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More Than 350 Protesters Detained in Venezuela This Week: Says UN

The rights office, citing "credible local sources," said it also had indications that at least 20 people "have died after allegedly being shot by security forces or members of pro-government armed groups during demonstrations on Tuesday and Wednesday".

AFP

Updated:January 25, 2019, 7:06 PM IST
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More Than 350 Protesters Detained in Venezuela This Week: Says UN
File photo of a demonstrator throwing a gas canister while clashing with security forces during a rally against Venezuelan President Nicolas Maduro's government in Tachira, Venezuela. (REUTERS)
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Geneva: More than 350 people in Venezuela have been arrested this week during demonstrations against President Nicolas Maduro's government, the UN rights chief said Friday, calling for immediate talks to defuse the "increasingly incendiary atmosphere".

The United Nations High Commissioner for Human Rights, Michelle Bachelet, said her office had "reports of large-scale detention of demonstrators — well over 350 in total (this week), including 320 on 23 January alone".

Bachelet called for a full investigation into alleged violations by the state, including summary executions.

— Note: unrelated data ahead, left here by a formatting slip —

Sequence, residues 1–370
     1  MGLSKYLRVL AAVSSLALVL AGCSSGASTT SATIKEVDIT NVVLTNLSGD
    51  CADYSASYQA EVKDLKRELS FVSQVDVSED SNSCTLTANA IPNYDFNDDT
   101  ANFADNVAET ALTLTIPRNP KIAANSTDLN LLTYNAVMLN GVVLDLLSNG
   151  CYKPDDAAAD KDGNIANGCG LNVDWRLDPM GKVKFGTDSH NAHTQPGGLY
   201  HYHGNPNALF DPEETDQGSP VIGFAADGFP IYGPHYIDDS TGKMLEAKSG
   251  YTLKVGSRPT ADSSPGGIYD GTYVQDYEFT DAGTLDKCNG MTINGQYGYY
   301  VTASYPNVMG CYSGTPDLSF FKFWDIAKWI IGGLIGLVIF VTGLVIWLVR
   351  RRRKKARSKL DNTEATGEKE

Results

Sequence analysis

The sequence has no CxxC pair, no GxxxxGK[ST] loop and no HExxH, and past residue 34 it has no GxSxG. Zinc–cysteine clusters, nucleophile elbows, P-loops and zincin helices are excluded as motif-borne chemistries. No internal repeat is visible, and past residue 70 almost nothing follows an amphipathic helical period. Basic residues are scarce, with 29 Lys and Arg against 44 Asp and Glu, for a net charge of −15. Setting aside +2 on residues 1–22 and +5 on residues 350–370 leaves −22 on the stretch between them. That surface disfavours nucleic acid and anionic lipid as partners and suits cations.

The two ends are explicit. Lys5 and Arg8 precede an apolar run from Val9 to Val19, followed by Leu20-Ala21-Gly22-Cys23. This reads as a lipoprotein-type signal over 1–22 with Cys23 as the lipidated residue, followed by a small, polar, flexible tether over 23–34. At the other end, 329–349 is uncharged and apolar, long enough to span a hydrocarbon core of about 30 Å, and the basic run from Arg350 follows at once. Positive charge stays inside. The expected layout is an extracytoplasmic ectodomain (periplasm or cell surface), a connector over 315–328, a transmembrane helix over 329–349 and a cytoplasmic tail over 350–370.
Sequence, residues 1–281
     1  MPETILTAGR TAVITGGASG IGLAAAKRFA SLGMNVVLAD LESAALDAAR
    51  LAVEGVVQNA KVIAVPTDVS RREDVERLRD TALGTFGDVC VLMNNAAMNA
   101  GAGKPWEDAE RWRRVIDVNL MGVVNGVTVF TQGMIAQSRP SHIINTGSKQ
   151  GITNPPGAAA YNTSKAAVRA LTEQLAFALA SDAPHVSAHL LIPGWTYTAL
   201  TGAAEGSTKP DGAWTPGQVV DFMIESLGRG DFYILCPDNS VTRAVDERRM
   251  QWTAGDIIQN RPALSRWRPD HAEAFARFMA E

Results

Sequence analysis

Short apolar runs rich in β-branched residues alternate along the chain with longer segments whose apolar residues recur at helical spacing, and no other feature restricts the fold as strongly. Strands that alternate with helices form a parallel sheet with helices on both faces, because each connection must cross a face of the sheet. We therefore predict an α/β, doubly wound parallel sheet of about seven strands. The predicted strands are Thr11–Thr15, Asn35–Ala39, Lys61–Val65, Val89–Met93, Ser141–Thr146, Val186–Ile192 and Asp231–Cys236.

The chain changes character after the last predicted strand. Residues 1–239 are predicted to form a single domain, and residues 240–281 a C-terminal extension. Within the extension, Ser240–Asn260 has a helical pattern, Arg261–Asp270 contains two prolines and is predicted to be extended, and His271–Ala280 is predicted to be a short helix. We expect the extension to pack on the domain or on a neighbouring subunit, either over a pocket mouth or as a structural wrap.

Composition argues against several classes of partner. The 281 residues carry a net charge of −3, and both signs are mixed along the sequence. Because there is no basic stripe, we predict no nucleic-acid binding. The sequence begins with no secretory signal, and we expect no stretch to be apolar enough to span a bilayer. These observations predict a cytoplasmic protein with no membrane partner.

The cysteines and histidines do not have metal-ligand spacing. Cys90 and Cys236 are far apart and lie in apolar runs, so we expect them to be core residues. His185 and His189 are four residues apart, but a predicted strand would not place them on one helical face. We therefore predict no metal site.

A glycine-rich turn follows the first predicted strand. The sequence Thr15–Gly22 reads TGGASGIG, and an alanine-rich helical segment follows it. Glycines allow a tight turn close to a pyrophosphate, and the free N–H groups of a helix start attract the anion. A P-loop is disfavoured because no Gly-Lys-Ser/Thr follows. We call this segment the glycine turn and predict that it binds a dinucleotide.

Civil society groups in Venezuela have put the death toll from days of street protests at 26.

The rights office, citing "credible local sources," said it also had indications that at least 20 people "have died after allegedly being shot by security forces or members of pro-government armed groups during demonstrations on Tuesday and Wednesday".

Bachelet, a former president of Chile who dealt with Maduro in her previous role, called for "immediate talks to defuse the increasingly incendiary atmosphere" in Venezuela.

"This is, at heart a crisis of governance, and it is the responsibility of the country's leaders to put an end to this disastrous situation," Bachelet said.

Venezuela, an oil-rich but economically devastated country, was plunged into uncertainty this week when opposition leader Juan Guaido, the 35-year-old head of the National Assembly, proclaimed himself "acting president".

He earned swift endorsement from Washington and a dozen regional powers including Brazil, Argentina and Colombia.

Maduro's reelection last year was disputed by the opposition, and criticised internationally -- but the socialist leader has until now retained the loyalty of the powerful military.
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